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Message boards : Proth Prime Search : Type of prime?

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mattozan

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Message 44749 - Posted: 12 Dec 2011 | 20:59:46 UTC

I just found 2175*2^749073+1 is prime.

Is there any way to figure out more properties of this prime?

With so many different types of primes in PrimeGrid projects, how can I figure out if this one is in any of those categories?

Twin Prime? (probably not)
Euler Prime?
Emirp Prime? (should be easy enough to check, somehow)
Mersenne Prime (IIRC, this must be a Mersenne Prime if it was validated by LLR?)
Fermat Prime?
Cullen Prime?
Woodall Prime?
Sophie Germain Prime?

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Michael Goetz
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Message 44755 - Posted: 12 Dec 2011 | 21:28:22 UTC - in response to Message 44749.

I just found 2175*2^749073+1 is prime.

Is there any way to figure out more properties of this prime?

With so many different types of primes in PrimeGrid projects, how can I figure out if this one is in any of those categories?

Twin Prime? (probably not)
Euler Prime?
Emirp Prime? (should be easy enough to check, somehow)
Mersenne Prime (IIRC, this must be a Mersenne Prime if it was validated by LLR?)
Fermat Prime?
Cullen Prime?
Woodall Prime?
Sophie Germain Prime?

The easiest way to answer your questions would be to first understand what those types of primes are. Since many of them require that the number be of a specific form, if the prime you found isn't of that form, then it's not that type of prime.

For example, Mersenne Primes are of the form 2^n-1. Your number isn't of that form, so it's not a Mersenne Prime. Likewise, it's not a Fermat (2^2^n+1) or a Generalized Fermat Number (b^2^n+1), or a Cullen (n*2^n+1) or Woodall (n*2^n-1) number.

It is a Proth prime, which is of the form k*2^n+1.

Mersenne Prime (IIRC, this must be a Mersenne Prime if it was validated by LLR?)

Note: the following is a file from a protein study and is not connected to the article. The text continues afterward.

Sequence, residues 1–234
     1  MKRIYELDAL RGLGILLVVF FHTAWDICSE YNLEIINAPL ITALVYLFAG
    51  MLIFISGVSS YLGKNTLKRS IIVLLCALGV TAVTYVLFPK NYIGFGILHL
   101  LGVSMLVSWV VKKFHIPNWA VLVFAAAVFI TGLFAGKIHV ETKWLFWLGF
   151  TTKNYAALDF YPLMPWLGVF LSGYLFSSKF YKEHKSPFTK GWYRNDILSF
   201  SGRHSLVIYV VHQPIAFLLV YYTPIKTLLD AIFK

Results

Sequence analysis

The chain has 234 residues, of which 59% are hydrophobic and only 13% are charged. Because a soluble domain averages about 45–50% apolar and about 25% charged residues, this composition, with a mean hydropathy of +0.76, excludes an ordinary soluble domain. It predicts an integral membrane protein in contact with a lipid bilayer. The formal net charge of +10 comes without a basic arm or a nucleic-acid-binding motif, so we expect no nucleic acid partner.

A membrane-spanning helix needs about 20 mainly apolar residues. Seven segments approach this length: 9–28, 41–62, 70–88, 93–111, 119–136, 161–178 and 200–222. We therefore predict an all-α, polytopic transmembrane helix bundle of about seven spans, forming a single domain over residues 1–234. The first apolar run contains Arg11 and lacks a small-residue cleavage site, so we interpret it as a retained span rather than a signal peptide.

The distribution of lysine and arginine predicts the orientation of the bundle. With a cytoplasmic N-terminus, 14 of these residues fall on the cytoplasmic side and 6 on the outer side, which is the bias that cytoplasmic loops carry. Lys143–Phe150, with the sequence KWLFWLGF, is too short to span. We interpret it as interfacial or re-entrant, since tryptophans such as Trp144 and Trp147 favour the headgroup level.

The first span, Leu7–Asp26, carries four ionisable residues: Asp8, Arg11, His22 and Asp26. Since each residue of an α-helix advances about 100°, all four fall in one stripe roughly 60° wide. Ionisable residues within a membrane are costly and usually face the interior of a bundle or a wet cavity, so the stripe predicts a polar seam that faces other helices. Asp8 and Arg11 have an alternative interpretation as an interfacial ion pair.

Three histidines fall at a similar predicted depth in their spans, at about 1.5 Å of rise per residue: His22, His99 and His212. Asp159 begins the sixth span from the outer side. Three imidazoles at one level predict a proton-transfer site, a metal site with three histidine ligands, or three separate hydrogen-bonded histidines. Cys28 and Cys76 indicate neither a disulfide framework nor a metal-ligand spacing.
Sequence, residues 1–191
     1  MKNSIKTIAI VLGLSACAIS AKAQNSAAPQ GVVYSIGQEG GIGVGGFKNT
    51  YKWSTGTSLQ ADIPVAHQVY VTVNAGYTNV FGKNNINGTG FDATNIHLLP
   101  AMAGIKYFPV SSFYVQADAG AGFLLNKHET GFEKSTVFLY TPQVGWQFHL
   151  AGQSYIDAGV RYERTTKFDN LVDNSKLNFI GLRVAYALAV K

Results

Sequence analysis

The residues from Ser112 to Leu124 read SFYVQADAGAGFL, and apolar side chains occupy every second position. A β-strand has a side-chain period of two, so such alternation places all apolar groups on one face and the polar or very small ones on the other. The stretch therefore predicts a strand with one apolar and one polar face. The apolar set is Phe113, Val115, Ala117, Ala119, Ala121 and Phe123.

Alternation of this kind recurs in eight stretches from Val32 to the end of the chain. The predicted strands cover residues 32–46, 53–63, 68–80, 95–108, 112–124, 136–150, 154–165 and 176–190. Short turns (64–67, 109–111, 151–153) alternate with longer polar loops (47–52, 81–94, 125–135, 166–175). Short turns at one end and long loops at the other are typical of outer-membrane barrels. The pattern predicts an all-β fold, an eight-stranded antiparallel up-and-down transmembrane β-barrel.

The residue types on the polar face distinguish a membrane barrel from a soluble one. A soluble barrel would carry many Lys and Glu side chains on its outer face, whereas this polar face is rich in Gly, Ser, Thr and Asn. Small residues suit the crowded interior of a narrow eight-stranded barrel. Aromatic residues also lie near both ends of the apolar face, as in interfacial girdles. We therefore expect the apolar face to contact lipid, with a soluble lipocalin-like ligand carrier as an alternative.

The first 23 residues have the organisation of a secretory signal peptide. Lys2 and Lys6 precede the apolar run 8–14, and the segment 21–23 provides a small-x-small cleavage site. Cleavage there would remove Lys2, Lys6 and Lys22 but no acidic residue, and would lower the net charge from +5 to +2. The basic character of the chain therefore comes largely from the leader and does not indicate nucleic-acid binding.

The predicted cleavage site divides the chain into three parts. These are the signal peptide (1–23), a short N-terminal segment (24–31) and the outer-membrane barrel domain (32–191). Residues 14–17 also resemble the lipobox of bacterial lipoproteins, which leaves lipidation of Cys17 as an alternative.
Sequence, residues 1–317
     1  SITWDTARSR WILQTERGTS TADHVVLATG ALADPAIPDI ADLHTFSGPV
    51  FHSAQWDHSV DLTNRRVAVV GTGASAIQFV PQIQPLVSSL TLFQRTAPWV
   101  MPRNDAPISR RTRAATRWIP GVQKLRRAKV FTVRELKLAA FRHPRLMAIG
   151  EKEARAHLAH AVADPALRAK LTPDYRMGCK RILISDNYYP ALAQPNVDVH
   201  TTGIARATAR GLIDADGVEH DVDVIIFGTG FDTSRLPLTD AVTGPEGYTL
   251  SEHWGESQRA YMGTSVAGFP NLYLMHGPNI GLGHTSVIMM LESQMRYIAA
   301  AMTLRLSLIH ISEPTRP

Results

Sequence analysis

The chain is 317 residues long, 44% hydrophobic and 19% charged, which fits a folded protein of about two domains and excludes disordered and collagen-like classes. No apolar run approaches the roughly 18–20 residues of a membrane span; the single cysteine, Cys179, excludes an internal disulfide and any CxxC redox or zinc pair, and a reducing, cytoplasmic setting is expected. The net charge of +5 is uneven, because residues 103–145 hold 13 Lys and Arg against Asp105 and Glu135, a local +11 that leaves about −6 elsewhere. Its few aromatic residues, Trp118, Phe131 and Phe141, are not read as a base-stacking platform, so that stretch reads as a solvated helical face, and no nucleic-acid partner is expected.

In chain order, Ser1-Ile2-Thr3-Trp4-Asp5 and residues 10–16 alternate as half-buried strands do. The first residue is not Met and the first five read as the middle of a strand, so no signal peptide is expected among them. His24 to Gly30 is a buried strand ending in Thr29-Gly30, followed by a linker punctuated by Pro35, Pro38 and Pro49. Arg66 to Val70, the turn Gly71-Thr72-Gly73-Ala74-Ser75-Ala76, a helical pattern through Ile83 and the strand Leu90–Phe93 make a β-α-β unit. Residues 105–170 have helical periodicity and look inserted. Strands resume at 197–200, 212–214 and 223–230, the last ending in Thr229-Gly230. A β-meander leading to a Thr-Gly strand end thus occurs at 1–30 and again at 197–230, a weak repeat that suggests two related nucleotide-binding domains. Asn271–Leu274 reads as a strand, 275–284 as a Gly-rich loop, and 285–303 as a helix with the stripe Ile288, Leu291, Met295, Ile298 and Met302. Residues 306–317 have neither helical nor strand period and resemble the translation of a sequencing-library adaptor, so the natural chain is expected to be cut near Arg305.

The LLR test is used for primes of the form k*2^n-1. The Proth test is used for Proth primes (such as yours) of the form k*2^n+1. The LLR program that we use (not to be confused with the LLR test, which is an algorithm), is capable of performing both the LLR test and the Proth test on appropriate numbers. (It can also test GFN numbers, which is yet another test.)

Is there any way to figure out more properties of this prime?

You may have noticed that sometimes people do additional tests on some of the primes that are found.

Sometimes, the Proth primes are divisors of Fermat Numbers, Generalized Fermat Numbers, or Extended Generalized Fermat Numbers.

The PFGW64 program can test to see if the prime is one of those divisors. It's a pretty time consuming computation. My understanding is that those tests are automatically run on the PrimeGrid servers when the prime is discovered. If it's found to also be a divisor of one of those special numbers, it's noted in the email that's sent to you.

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mattozan

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Message 44765 - Posted: 12 Dec 2011 | 22:21:50 UTC - in response to Message 44755.

Thank you for such an informative reply! The distinction between the LLR test and program was also very helpful.

After I wrapped my head around the concept, I realized my prime is also excluded from being a Emirp by virtue of starting with "6."

John
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Message 44771 - Posted: 12 Dec 2011 | 22:38:02 UTC - in response to Message 44749.

I just found 2175*2^749073+1 is prime.

Is there any way to figure out more properties of this prime?

Twin Prime? (probably not)

The prime was not tested for twin. You can manually do this by testing the -1 form. In this case, 2175*2^749073-1.
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Brook Harste

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Message 45049 - Posted: 17 Dec 2011 | 5:05:34 UTC - in response to Message 44755.

snip...